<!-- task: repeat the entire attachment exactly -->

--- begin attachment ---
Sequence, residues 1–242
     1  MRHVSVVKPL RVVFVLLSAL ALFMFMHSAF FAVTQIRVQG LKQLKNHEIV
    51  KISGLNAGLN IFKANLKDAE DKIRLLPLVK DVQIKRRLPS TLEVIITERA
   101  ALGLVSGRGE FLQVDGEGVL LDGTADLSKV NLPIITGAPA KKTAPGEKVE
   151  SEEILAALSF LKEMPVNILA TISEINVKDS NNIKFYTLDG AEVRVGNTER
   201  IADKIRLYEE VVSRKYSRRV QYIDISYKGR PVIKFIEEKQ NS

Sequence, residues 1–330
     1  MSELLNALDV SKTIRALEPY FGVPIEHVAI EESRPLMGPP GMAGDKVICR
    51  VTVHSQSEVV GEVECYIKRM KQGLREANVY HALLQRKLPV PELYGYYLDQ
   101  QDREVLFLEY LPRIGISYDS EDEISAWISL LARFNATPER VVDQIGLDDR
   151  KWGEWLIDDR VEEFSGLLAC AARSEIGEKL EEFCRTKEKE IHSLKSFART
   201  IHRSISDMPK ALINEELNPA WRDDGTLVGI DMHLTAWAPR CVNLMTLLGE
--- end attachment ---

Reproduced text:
Sequence, residues 1–242
     1  MRHVSVVKPL RVVFVLLSAL ALFMFMHSAF FAVTQIRVQG LKQLKNHEIV
    51  KISGLNAGLN IFKANLKDAE DKIRLLPLVK DVQIKRRLPS TLEVIITERA
   101  ALGLVSGRGE FLQVDGEGVL LDGTADLSKV NLPIITGAPA KKTAPGEKVE
   151  SEEILAALSF LKEMPVNILA TISEINVKDS NNIKFYTLDG AEVRVGNTER
   201  IADKIRLYEE VVSRKYSRRV QYIDISYKGR PVIKFIEEKQ NS

Sequence, residues 1–330
     1  MSELLNALDV SKTIRALEPY FGVPIEHVAI EESRPLMGPP GMAGDKVICR
    51  VTVHSQSEVV GEVECYIKRM KQGLREANVY HALLQRKLPV PELYGYYLDQ
   101  QDREVLFLEY LPRIGISYDS EDEISAWISL LARFNATPER VVDQIGLDDR
   151  KWGEWLIDDR VEEFSGLLAC AARSEIGEKL EEFCRTKEKE IHSLKSFART
   201  IHRSISDMPK ALINEELNPA WRDDGTLVGI DMHLTAWAPR CVNLMTLLGE